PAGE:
For these reasons, I plan to stay pet free for the duration of my service.  *crosses fingers, knocks on wood*

The Second Year Begins

(technically the second year began in June, but hey, I’m talking school year)

August was a whirlwind.  As the new crop of trainees finished up Pre-Service Training, I sat in on some of their practice teaching sessions and shared my observations and feedback. All 67 of them came to Darkhan for their last week of training and their swearing-in ceremony. They were sworn in as the 23rd class of Mongolia Peace Corps Volunteers at the Darkhan Theater.  Here in Darkhan, we got 4 new volunteers!  Three are university teachers and one is working at the Health Department.  So, now there are 8 volunteers in Darkhan; 5 working at universities.  I look forward to doing some inter-collegiate competitions this year.

Two days after the new volunteers dispersed to their new homes, I headed to UB for my class of volunteers’ Mid-Service Training.  It was also time for our annual physical and dental check-up.  MST was held outside UB at a resort in Terelj.  We stayed in gers for a couple of nights, attended training sessions during the day, but generally just enjoyed each others company.  It’s not often that our whole group gets together in one place.  We’re spread out all over this large country; many of these people I hadn’t seen since In-Service Training last December.  Honestly, just seeing everyone together, having a good time, and all the laughter and smiles, did more to prepare me for this second year than any of the training sessions.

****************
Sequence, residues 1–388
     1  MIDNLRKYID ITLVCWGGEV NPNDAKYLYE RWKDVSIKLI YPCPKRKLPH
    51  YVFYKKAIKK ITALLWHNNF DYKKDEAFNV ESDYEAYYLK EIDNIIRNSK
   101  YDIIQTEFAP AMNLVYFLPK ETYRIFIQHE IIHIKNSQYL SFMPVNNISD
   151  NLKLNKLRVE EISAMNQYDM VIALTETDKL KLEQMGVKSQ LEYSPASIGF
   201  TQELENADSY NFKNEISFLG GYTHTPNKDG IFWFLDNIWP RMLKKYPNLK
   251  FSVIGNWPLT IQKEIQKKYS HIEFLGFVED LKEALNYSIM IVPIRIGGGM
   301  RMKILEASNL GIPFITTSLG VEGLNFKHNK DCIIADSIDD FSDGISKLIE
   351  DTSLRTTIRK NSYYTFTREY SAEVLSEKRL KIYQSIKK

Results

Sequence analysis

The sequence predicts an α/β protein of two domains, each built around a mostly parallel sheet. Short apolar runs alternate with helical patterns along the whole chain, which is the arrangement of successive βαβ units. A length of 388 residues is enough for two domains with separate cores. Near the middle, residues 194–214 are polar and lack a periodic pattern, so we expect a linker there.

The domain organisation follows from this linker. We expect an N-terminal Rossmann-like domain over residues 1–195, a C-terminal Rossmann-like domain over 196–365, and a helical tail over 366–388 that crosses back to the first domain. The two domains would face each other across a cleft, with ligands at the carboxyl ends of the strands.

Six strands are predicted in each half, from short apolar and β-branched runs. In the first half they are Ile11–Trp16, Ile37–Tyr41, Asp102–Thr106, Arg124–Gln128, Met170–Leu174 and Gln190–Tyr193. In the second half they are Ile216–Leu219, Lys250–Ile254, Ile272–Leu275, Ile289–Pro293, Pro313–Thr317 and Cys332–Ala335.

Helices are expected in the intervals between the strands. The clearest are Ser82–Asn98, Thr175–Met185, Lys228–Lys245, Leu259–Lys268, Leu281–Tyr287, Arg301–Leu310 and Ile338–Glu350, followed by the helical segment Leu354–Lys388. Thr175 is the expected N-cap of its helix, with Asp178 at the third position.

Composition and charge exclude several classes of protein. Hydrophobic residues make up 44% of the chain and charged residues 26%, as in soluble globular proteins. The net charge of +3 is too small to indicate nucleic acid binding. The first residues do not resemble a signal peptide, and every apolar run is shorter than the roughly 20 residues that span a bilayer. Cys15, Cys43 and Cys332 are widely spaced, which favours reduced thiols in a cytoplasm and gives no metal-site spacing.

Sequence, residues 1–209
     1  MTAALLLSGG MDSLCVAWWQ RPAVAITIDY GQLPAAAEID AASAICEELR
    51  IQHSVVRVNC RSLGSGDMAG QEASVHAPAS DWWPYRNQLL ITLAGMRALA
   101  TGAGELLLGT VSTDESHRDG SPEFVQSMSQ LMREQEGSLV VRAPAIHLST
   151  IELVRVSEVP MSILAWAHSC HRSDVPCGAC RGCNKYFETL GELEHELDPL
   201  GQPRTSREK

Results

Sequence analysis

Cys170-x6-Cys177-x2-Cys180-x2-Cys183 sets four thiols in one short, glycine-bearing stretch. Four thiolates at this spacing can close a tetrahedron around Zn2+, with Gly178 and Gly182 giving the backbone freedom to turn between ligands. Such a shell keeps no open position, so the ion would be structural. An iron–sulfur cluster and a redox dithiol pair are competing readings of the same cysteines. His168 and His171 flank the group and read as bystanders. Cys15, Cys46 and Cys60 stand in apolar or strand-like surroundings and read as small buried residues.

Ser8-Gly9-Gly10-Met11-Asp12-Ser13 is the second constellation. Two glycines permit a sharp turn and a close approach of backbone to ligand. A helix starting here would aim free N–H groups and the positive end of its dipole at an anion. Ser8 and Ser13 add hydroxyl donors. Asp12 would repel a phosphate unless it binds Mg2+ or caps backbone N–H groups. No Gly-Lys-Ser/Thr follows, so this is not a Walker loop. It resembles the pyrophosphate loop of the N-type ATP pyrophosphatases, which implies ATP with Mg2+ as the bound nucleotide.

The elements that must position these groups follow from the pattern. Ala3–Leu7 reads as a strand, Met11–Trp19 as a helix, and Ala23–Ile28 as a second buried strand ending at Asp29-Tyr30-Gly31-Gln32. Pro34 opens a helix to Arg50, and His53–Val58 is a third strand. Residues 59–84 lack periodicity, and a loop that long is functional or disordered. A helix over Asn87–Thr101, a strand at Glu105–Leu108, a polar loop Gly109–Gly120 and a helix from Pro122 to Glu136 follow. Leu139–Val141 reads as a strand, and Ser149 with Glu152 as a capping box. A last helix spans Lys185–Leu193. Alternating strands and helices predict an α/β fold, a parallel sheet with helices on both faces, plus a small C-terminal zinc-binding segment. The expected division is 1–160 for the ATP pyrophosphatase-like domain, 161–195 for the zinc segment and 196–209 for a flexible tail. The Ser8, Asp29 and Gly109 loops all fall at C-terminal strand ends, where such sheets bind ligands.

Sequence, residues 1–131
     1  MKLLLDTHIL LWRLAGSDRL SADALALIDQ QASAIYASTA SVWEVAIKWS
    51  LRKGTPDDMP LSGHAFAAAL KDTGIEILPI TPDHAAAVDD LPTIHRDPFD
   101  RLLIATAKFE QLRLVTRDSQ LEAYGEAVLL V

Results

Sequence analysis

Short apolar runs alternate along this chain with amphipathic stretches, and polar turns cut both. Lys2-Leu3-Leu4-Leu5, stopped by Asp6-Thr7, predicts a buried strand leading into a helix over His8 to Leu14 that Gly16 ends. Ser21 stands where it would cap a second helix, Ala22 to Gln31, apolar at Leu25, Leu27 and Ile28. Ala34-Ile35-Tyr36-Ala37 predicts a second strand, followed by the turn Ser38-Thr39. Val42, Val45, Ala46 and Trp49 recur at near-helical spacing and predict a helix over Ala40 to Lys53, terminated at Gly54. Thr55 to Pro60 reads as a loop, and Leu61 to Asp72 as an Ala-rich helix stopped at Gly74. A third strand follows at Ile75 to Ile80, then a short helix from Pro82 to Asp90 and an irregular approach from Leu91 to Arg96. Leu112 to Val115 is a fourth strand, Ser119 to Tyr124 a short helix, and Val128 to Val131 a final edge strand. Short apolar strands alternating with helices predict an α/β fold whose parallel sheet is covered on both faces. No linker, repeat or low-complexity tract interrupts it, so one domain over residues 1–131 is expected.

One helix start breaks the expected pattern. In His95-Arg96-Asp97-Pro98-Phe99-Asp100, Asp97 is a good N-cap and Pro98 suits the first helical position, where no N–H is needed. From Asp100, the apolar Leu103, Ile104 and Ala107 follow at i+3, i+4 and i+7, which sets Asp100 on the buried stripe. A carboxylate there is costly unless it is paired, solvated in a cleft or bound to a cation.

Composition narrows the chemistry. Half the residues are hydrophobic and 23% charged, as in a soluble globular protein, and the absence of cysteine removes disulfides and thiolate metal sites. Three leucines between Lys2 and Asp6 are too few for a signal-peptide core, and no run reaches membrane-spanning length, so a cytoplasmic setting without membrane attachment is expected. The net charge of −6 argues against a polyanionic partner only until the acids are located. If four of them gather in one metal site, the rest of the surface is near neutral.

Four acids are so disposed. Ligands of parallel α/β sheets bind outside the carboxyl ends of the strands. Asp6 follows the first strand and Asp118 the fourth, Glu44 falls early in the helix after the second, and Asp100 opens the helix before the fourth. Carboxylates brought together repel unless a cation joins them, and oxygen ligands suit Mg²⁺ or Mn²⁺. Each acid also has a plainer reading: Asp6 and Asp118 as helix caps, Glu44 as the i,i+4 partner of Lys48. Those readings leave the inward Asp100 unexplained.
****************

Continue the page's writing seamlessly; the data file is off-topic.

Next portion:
The day after I got back from MST, the school year began at my university.  We start a week earlier than everyone else.  I figured I’d go into school around 9:30/10:00 because I knew I wouldn’t be teaching for a couple of weeks until the schedule gets ironed out so there was no reason to drag myself in there early.  Oh, but there was… the opening ceremony was at 9:00.  Everyone dressed in their finest, balloon arches, music and speeches. And I missed it. I got a text from one of my cps at 9:30 that read “where r u?”.  I told her that I was on my way.  She said the ceremony was happening and I replied with “no one told me about it”.  This happens so often here, and not just to me.  The grapevine does not always extend to volunteers.  It’s not deliberate and I’ve learned to laugh about it when it happens or at least shrug my shoulders and say “Oh, Mongolia.”